Liberation Square by Gareth Rubin

A bold fictional re-imagining of 1950s Britain as a Soviet police state, as a wife tries desperately to clear her husband's name.

We walked all the way to Checkpoint Charlie that day. At the end of the road, the grey autumn light made the barbed wire and the concrete guard towers disappear into the sky, so that you could believe they kept on rising forever. I stood watching crowds of people stare at the only opening in the Wall for twenty kilometres, and tried to pick out those who had come for a day trip just to gaze at it from the locals who could remember it being built and still felt the loss. But the faces all showed the same mix of anger and quiet sorrow.

The soldiers in their muddy-brown uniforms looked bored as they paced back and forth between the metal barriers. They always look bored. I once saw one grinning and winking at the girls in the crowd, but he was the exception – they stand there for six hours straight, rain or shine, and you wonder if they hope for the occasional attempt to jump the Wall, or an attack by the Western Fascists, just so they can put their training into practice. Even I, when I had a gun placed in my hands for my Compulsory Basic, felt a bit of a thrill as I pulled the trigger. The kick from the Kalashnikov nearly knocked me over, though, and my instructor laughed before taking it from me and replacing it with a single-shot rifle.  

So the boys in the watch towers were looking for a spark of excitement while the people below were looking for some sort of understanding. They wouldn’t find any there, I knew. Nick appeared through the crowd then, carrying the drinks that he had bought from a man with a cart. He handed one to me, and we both turned to silently gaze at the barrier.

‘What do you think, when you look at it?’ he said after a while.

My eyes ranged over the barbed wire and thick camouflage netting that prevented you from seeing through the ten-metre opening in the concrete. ‘I suppose it’s hard to put into words,’ I replied. ‘It feels like we’ve lost something, something we won’t get back. But, well, maybe it’s necessary, just for now.’

Quotation Mark

As we left, north towards Oxford Street, I gazed back at the statue of Eros, his attempt to leap over the Wall permanently frozen, caught by the concrete and the wire.

He peered up at the guard tower. ‘So they say.’

A group of schoolboys shuffled past, clutching the red paperbacks that were to be the map to our future. One broke off and wandered right up to the soldiers, but his teacher caught him and dragged him away, to the laughter of the others. They were just like the ones that I used to teach. I suppose children are the same everywhere.

‘Do you remember it going up?’ I asked.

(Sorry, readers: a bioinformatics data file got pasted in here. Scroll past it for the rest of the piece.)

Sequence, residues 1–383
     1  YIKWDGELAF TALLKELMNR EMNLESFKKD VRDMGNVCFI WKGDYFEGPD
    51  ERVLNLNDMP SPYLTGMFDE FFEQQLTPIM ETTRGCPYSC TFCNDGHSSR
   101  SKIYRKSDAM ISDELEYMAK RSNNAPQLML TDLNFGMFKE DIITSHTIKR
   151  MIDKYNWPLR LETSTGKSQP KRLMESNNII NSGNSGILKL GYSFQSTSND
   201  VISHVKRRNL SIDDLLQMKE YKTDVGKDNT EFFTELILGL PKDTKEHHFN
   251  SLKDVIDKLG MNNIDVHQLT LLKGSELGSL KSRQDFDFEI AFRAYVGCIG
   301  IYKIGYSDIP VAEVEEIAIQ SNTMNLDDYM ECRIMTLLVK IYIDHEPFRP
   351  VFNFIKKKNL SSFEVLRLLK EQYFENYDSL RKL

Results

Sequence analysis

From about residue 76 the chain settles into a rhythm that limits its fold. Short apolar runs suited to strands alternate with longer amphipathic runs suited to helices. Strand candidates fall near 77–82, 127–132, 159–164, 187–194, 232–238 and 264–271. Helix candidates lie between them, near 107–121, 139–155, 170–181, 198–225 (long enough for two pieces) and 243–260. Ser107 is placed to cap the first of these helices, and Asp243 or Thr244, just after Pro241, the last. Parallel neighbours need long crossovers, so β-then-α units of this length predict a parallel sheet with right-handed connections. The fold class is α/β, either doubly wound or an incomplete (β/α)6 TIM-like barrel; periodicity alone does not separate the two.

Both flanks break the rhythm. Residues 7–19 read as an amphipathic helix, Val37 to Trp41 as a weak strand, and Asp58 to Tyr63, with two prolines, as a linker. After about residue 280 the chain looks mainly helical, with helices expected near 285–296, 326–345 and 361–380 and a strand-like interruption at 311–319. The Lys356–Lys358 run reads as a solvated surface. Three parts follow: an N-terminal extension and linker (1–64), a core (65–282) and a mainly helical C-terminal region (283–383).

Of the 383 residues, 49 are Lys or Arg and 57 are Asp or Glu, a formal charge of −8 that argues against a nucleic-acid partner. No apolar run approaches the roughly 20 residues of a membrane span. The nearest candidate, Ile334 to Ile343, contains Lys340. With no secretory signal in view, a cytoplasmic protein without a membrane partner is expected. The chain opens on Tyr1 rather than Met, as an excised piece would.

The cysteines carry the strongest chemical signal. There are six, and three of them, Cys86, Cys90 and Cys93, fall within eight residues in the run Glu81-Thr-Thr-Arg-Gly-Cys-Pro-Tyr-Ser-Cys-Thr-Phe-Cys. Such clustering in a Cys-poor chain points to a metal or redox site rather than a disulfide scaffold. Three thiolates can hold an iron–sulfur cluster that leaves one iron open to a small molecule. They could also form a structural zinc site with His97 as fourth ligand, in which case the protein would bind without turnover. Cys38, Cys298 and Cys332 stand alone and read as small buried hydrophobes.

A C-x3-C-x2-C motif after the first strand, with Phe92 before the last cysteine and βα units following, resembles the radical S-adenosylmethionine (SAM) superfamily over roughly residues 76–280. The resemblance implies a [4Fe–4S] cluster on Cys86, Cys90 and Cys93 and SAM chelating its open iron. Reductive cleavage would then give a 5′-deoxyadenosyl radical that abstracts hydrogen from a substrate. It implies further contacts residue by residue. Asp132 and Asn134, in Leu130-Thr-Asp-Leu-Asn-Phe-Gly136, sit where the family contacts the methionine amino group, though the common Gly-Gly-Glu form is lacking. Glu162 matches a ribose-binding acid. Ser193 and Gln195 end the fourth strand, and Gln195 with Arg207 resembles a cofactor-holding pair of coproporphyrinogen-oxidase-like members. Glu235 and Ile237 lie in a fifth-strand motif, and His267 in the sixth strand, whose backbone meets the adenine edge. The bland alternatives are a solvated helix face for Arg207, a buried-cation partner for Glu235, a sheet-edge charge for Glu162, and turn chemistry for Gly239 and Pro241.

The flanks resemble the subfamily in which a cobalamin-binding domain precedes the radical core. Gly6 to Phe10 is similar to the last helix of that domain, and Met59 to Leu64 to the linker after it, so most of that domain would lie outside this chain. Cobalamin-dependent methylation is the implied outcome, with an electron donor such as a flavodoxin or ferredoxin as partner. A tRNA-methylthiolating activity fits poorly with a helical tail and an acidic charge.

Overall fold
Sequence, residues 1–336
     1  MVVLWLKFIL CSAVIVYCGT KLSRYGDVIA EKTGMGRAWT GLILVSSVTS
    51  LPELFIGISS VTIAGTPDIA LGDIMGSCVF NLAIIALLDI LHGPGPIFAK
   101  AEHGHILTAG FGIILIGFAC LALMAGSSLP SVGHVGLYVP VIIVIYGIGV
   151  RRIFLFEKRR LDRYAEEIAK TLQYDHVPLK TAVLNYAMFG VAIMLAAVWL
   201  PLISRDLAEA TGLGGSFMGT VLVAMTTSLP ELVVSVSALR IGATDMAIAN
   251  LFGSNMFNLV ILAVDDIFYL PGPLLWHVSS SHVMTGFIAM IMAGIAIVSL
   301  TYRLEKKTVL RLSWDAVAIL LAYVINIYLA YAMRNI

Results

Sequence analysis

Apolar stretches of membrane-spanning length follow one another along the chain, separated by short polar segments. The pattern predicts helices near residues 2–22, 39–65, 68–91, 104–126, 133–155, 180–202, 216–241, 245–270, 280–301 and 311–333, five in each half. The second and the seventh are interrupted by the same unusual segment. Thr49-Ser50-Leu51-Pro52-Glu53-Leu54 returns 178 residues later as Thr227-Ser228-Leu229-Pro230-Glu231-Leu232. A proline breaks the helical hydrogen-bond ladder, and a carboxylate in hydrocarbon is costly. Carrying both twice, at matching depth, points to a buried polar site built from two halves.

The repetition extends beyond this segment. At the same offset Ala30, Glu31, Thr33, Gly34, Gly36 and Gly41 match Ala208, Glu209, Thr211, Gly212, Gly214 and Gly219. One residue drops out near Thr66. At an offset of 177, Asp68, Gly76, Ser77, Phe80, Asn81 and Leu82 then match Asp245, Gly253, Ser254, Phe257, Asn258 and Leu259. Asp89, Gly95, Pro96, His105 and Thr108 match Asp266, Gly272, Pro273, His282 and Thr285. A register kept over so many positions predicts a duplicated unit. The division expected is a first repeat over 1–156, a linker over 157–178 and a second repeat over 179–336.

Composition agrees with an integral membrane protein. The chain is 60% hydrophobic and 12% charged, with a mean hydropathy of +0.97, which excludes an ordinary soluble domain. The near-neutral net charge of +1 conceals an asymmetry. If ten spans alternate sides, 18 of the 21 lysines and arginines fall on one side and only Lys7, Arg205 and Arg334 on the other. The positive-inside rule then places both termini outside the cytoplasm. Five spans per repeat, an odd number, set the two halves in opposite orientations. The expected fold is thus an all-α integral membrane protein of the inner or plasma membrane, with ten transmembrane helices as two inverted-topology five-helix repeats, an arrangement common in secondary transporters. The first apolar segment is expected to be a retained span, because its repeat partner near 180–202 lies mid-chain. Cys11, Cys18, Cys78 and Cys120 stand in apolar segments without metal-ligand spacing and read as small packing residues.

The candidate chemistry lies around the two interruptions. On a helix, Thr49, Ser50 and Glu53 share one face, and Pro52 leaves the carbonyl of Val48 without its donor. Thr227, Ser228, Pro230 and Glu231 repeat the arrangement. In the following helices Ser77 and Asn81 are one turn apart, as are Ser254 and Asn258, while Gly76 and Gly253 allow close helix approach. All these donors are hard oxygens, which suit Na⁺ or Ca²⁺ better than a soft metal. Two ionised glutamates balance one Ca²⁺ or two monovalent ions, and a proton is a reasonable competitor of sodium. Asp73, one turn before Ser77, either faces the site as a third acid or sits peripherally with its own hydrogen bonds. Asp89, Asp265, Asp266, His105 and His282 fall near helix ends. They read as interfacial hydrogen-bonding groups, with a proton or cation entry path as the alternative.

‘Vividly,’ Nick said. ‘Yes, vividly.’

I understood and twisted his warm fingers into mine. After five months of marriage I could recognize the ridges and wrinkles in his skin. ‘At least we’re on the same side of it.’

‘Yes. That’s something.’ He sighed. ‘I do have friends over there, though.’

I looked over at the guards, wondering what they were thinking as they stared back at us. It must all have seemed very different to them. Perspective changes things. ‘I expect you’ll see them again. They might be on the other side right now, looking this way.’


A man approached the schoolboys, offering photographs of the Wall to be used as postcards. ‘Strange things to send,’ I said.

‘Presumably you give them to people you don’t like.’ I smiled.

The school party stopped in front of a hoarding showing the country split in half, with ten occupied babies’ cots on the other side, and nine on ours alongside an empty one bearing the slogan YOUR CHILD. STRENGTH IN NUMBERS! The boys’ teacher reached into his briefcase, took out another copy of the red book, in which the First Secretary had set out our nation’s course, and began to read out a passage.

Nick nodded in his direction with a sceptical smirk.

‘Does he think it’s all going to work so beautifully?’ he said.

I glanced around to make sure we couldn’t be overheard. ‘Well it’s worth trying, isn’t it? Surely if the state makes certain everyone is fed and has a job, nine tenths of all the fights and arguments we have with each other will be gone.’ And really it did make sense – God knows there were difficult aspects to our new life, but the argument seemed entirely logical, and rehearsing it in my mind made me hopeful for the future.

‘Overnight. In a puff of smoke.’ He tried to suppress a smile.

‘Oh, you’re a horrid man.’ I poked him in the ribs. ‘So what’s your big idea, then?’

‘I’m glad you asked,’ he said. ‘A gliding wing.’

‘A gliding wing?’

‘That’s it. We build it on the roof in the dead of night, wait until the wind picks up, then soar over the Wall like a couple of birds. Down a pink gin and slip into the best hotel we can find for an hour.’ He did some calculations in his head. ‘Make it ninety minutes.’

‘You need a cold shower.’ But my hand slipped around his waist.

‘Maybe I do.’ A soldier crossed from one side of the watch tower to the other, scanning the crowd with his binoculars. ‘Awful job,’ Nick said.

‘People surprise you. What they can do.’

‘That’s true. That’s always true.’

Above us a flock of black birds drifted so high that they became specks of dust. ‘Shall we go?’ I nodded. ‘Yes, let’s.’

As we left, north towards Oxford Street, I gazed back at the statue of Eros, his attempt to leap over the Wall permanently frozen, caught by the concrete and the wire.


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